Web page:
Initiatives of Change recognizes that the process of forgiveness, confidence-building and reconciliation is a highly personal choice that cannot be forced but can be supported by various complementary elements. These include time in silence for reflection, space for sharing life stories, loving hospitality, companionship, shared core values and adherence to one's own spiritual or religious beliefs. In the next few days you will be able to take a closer look at some of these approaches.

As a former politician, I naturally also hope that you will have the opportunity to talk about reconciliation at the institutional level. Here, the approach of the Kofi Annan Foundation and Interpeace is interesting. They see forgiveness not only as a deeply transforming redefinition of relations of trust between people, but also between people and political institutions. UN Secretary-General Antonio Guterres said just last November that forgiveness helps to heal ruptures caused by the absence of trust between the state and individuals, and that it is a process through which societies can move from a divided past to a shared future.

Thus, for some two decades, truth and reconciliation commissions have been seen as an integral part of justice in transitional processes following armed conflict. These Truth and Reconciliation Commissions are often criticized because they operate in the area of tension between peace and justice, but there are also very exciting developments, such as the inclusion of women from the diaspora in the work of the Truth Commission of Colombia.

For reconciliation to be possible, the search for truth is not only important on the personal level, but also on the collective and institutional level. I was excited by an ICRC initiative in Papua New Guinea. There a film about the destruction caused by tribal struggles formed the basis for a dialogue between the various communities. This came up with some rules for dealing with each other, which everyone then accepted. Very often conversation and reaching out to each other are the preconditions for accepting rules, and also for respecting them.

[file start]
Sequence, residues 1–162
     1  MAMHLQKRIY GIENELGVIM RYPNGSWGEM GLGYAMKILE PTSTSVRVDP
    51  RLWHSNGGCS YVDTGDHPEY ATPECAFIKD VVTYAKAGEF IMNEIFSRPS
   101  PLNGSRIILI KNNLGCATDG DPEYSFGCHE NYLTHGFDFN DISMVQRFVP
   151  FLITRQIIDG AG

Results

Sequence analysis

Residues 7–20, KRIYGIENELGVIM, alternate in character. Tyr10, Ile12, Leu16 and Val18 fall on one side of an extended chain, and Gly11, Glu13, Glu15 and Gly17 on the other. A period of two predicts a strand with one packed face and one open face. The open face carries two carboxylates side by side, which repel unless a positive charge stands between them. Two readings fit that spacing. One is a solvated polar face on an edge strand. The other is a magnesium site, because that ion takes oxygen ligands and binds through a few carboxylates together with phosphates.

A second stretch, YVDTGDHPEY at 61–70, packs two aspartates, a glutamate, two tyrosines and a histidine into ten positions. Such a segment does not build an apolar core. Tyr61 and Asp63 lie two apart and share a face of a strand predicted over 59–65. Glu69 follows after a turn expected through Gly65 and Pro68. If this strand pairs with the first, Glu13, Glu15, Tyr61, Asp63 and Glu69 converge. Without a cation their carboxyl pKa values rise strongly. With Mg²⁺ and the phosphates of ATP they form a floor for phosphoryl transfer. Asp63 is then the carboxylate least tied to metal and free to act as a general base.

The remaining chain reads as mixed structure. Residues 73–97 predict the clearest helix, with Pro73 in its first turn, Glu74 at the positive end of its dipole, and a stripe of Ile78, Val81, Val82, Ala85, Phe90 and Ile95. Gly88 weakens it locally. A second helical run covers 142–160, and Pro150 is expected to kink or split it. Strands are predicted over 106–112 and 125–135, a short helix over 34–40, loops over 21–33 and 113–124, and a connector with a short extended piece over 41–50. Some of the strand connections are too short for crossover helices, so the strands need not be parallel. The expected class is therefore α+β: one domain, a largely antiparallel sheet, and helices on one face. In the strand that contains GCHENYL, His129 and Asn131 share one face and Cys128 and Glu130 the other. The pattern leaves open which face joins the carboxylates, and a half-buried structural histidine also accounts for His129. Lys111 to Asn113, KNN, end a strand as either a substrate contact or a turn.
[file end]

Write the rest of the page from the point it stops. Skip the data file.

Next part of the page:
In Australia, John Bond, a member of Initiatives of Change, was the secretary of the committee for a national Sorry Day for ten years. This committee launched the citizens' movement for a public apology to Aboriginal Australians and the 'Stolen Generations'. It culminated in Prime Minister Kevin Rudd delivering an impressive speech of apology at the opening of Parliament in 2008. Former Prime Minister Rudd has come to Caux on one occasion.

It is important to stand up for one’s values and fight for one’s convictions – but it is equally important to listen and to assume that the other person may be right somewhere. Without this willingness to question oneself, reconciliation is not possible and no sustainable solutions can be found. The great art is to recognize where one must remain firm for reasons of personal ethics and where one can approach the other and reach out a hand towards a compromise. Good (rather than lazy) compromises are urgently needed, if we want to tackle the multifarious problems of our time. The person who on principle refuses to compromise is a self-righteous reactionary or a subversive revolutionary, and both are harmful to the prosperous development of our society. What we urgently need are people who can see where compromises are possible, and are willing to make them. They are positive agents of change.   



*Transcription of video texts

Video 1: Maguy Arnous (Lebanon)

Here in Caux, I met for the first time… I was in the same room with an Israeli woman. I wish I could say it was like… easy, or, you know, it was like any other woman – it was very hard. It took me a while to get into this workshop and when I did, ähm, it was like, you know, ähm, it was very… emotional.

I wanted to leave. That was when I met Frank Buchman in the Hall. I hadn’t any choice but to stop and tell him that I was leaving because there were Germans present.

There was a lot of anger, like… I wanted to scream.

Then he said to me : ‘Do you think you can rebuild Europe WITHOUT the Germans ?’ Obviously, it was impossible.

I didn’t want to leave this programme, just because… I was like confronted with, with MY issues. I have to deal with my issues, I have to deal with this anger.